As for her personal life, Leah says that she has had her share of relationships — LOL — but that currently she is, “quite content and happy being single, evolving and growing.” She believes that everyone needs an opportunity to discover himself or herself and that some never get that opportunity.
Leah affirms that, despite being in the most demanding year of her residency and preparing to apply for a neonatology fellowship, “I am the happiest and most mentally strong I think I’ve ever been. I’m living life and loving it.” She adds that she has learned so much from her family over the years, realizing that her parents always made sacrifices to teach the value of family. Her mother, she says, was the extroverted and creative one who taught her to love Jesus and took her to church on Sundays. She adds that her dad is “the smart one who sits back and observes the room before taking action,” and that he is the most resourceful and humble man she knows. Finally, she attributes her personal work ethic to that of her parents.
Because family is so important to Leah, she tauts the attributes of her sisters. Sarah is the second sister and make a wonderful, loving mother to her son, Jackson. Alli is the third sister and works as a nurse, caring for the elderly. “Alli’s compassion goes beyond the requirements of her job.” Stephanie is the “free spirit who inspires me every day to live in the moment.” Hilary is the baby of the family and has the biggest heart, Leah says, and “is a little mini me…I see myself in her and know she’s going places.”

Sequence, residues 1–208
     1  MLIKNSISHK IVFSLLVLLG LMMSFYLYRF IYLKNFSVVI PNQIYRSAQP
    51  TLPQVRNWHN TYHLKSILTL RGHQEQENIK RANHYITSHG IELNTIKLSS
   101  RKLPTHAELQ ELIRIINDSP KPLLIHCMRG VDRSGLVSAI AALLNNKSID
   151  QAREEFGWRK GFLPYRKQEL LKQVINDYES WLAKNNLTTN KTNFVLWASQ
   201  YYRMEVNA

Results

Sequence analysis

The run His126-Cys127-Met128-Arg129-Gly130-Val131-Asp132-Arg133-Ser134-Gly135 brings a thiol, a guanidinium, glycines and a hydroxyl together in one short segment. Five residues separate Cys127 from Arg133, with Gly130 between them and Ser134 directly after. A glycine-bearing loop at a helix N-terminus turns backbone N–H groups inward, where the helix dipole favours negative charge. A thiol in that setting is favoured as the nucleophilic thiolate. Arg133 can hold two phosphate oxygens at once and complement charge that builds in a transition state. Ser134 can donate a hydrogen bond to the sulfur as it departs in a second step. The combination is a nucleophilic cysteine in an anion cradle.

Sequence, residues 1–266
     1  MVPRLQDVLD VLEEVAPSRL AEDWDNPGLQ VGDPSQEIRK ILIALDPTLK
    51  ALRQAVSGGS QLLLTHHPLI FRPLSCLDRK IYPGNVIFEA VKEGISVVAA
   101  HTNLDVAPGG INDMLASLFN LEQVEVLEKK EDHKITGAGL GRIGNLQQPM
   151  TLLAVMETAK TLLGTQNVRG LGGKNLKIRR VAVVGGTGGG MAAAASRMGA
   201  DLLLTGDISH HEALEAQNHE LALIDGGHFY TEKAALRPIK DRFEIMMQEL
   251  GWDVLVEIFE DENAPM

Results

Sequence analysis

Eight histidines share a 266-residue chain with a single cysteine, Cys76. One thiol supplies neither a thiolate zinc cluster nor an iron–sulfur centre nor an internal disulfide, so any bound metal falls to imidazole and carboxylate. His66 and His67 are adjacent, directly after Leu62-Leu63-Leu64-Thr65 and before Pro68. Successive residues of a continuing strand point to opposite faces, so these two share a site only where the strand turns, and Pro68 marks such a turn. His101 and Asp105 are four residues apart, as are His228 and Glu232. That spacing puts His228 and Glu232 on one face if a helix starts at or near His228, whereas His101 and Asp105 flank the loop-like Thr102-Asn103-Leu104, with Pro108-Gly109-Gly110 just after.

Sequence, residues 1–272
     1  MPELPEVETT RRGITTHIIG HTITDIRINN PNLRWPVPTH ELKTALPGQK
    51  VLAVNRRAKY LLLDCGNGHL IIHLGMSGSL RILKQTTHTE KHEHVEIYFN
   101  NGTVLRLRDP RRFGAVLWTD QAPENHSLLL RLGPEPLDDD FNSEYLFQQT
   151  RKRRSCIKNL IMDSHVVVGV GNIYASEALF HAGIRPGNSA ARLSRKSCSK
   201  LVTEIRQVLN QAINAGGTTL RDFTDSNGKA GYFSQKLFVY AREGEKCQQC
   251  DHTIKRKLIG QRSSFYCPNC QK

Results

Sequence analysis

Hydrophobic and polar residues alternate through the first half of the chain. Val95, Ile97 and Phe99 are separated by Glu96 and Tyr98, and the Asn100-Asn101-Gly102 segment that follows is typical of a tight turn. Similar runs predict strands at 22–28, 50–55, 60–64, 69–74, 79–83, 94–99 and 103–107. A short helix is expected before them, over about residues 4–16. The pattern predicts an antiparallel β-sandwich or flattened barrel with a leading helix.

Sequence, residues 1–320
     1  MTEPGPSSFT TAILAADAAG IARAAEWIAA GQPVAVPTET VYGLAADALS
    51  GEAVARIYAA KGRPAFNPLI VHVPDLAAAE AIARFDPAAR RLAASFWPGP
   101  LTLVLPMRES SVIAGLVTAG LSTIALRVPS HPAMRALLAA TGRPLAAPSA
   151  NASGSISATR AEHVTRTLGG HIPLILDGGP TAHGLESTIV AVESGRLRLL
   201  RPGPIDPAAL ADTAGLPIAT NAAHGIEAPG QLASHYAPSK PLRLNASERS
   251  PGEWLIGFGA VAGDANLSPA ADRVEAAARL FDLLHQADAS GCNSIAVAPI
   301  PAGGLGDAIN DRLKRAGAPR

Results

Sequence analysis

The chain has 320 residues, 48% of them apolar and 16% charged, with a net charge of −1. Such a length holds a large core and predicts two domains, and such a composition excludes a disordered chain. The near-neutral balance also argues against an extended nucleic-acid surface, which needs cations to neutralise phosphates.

Currently, Leah attends Houston’s First Baptist Church and is involved with a small group there. She hopes to get more involved with the children’s ministry once she has a stable, consistent schedule. And, as for her travels, she does it as often as she can and with whomever will go along for the adventure.
While traveling, Leah loves to explore the cities on foot or by bike and to try new restaurants and coffee shops. She loves to explore bodies of water and to meet new people and hear their stories. Her favorite places so far include Europe, New York City, Portland/Seattle, Charleston, and Miami. She is considering moving to one of these places for her neonatology fellowship.
What Leah loves most about her life is her sense of balance and purpose and the ability to find joy in every day. Even on stressful days when she works 14 long hours, she still leaves knowing she has made an impact and a difference in someone’s life. She adds that on most days out of the week, she goes to the gym for a run or to see a friend.
Leah’s sense of stability is revealed in the simple joys she finds from life: her morning coffee, lunch time, conversations with co-residents, and catching a glimpse of the sunset from the hospital stairwell.